Are Political Donations tax deductible?

In times of election campaigns, many people want to make donations to support their favorite party or candidate. Donations are an excellent practice; what better way to support desired changes than to help financially?

Even if the intentions when making donations in political fields are honest. With good ideas, asking if this donated money applies to tax deductions is not superfluous.

An accurate answer about donations

Money donated to political campaigns or any aspect related to these campaigns and politics generally is not applicable for tax deductions. Regardless of what type of political donation it is, the IRS does not take it into account for deductions.

Also, donations, not money, such as goods, services, effort, and time, are not tax-deductible. Even expenses incurred in contributing one of the above goods and services are not tax-deductible.

In other words, under any political context, if you decide to donate money or any of the other aforementioned intangible services and benefits, none of them are recognizable for a tax deduction.

No matter how much effort, time, or money you put into volunteering for a political campaign, it will not apply to any tax deduction.

To give a more succinct explanation: neither money nor tangible or intangible property, time, effort, services, or expenses incurred in carrying out any of these without being for politics is tax-deductible.

More specifically, any above donations are not deductible when going to a party, a newsletter fund, a campaign committee, a candidate, action committees, or even programs that benefit a party or candidate.

Are donations not tax-deductible?

The confusion about whether political donations are tax-deductible is due to the assumption that they are. It is assumed that most donations, or at least a large portion, are tax-deductible.

In other words, many donations have the added function of being tax-deductible. On the other hand, when these donations are directed to political organizations or candidates, they do not apply for deductions.

The donations qualified to influence the tax deductions are all those goods granted or money given by any means available to various entities and persons to receive them as charitable donations.

More specifically, the donations qualified for tax deduction must be made to churches, temples, or other organizations or structures destined for the determined practice of religion.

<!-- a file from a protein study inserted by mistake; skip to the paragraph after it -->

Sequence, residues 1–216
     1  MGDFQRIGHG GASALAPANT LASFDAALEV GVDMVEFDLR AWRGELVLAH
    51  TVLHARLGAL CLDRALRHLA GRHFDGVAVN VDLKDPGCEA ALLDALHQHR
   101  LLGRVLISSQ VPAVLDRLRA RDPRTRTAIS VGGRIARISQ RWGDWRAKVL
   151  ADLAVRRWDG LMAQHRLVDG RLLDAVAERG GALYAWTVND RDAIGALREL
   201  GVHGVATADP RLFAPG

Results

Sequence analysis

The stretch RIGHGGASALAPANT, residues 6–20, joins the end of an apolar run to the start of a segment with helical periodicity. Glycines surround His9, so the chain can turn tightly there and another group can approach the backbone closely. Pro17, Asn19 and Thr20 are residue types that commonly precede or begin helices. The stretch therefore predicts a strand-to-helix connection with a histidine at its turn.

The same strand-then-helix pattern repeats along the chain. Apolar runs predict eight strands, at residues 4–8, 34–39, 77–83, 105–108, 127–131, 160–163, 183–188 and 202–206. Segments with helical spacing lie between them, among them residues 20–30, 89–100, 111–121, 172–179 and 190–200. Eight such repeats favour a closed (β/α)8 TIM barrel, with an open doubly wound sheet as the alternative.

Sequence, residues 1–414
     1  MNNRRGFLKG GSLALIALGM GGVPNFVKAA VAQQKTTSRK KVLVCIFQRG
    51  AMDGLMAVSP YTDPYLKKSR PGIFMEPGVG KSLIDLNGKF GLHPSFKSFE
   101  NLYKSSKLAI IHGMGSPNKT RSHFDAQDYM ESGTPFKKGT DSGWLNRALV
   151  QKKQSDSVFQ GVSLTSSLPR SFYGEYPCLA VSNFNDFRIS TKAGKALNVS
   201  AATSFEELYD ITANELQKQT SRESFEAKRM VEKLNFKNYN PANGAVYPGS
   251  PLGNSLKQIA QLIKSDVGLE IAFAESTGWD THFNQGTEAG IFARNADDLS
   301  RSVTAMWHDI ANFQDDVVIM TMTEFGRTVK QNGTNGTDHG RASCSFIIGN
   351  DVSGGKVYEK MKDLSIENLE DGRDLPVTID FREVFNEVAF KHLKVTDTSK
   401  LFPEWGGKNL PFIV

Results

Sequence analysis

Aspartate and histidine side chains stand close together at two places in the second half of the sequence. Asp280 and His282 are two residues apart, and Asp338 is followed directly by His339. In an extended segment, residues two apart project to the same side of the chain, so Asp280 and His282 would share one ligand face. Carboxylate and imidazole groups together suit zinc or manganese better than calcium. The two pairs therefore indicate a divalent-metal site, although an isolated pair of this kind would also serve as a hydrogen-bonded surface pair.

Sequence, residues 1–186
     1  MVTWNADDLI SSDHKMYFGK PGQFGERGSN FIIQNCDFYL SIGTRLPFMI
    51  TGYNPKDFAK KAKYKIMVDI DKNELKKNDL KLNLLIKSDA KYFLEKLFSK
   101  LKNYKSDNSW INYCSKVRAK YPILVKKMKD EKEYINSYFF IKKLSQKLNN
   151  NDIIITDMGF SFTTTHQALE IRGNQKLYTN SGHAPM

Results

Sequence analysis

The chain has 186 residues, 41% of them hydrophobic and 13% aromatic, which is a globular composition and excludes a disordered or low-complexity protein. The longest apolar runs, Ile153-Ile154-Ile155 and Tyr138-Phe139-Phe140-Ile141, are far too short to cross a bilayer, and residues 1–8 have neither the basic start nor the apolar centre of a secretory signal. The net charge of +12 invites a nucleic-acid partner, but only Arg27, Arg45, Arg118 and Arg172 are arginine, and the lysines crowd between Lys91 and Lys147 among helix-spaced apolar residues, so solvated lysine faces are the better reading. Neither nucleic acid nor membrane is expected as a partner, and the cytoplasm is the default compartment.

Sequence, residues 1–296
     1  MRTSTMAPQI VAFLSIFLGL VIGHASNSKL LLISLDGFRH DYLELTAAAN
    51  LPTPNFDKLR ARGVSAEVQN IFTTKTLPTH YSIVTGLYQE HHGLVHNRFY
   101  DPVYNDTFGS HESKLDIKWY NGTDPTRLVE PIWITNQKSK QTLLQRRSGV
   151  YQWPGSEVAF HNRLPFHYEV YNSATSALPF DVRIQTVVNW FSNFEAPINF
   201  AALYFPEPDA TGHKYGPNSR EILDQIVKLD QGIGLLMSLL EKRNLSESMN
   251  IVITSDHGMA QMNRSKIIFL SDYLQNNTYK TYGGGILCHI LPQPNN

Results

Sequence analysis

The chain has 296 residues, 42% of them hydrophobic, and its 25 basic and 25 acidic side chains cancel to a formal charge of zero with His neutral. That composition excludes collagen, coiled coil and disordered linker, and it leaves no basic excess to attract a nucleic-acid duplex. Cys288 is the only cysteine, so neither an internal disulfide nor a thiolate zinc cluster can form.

It is also applicable with donations made to the state or government, whether in the national, state, or local sense. This aspect should not be confused with donations made to politics.

Donations made to the government, the state, or various institutions are made to improve their functioning or structure and not to change certain legislation or lean towards a political party.

Likewise, tax-deductible donations can be made to schools, hospitals, and other organizations such as the Red Cross or the Scouts. It is enough that the mentioned entities are not related to a profit-making purpose.

What if you are not convinced that the organization you donate does not serve political purposes?

Although it is not very common, it is possible to donate money or goods to organizations without knowing they have political purposes. When you originally thought of taking advantage of the opportunity to deduct taxes, you will not be able to do so.

For this type of confusion, the IRS makes available to its users a tool specially designed to search for organizations or entities that are qualified to receive donations and can be deducted from taxes.

It is named by the IRS a “tax-exempt organization finder.” In it, you must select the preferred database to filter the search results.

The options available for the database are Publication 78 Data, Determination Letters, Automatic Revocation List, Form 990-N, and copies of returns. In addition, you will also have the option to not filter on “Search All.”

After you have chosen your preferred database, you must proceed to insert the employer identification number or the legal name of the organization.

Then, in the “Search term” section, you must enter the organization’s name or the employer’s identification number, as you have chosen.

Finally, you must enter the name of the city where the organization is located and then select the state’s name from the list available, along with the name of the country also shown in the list.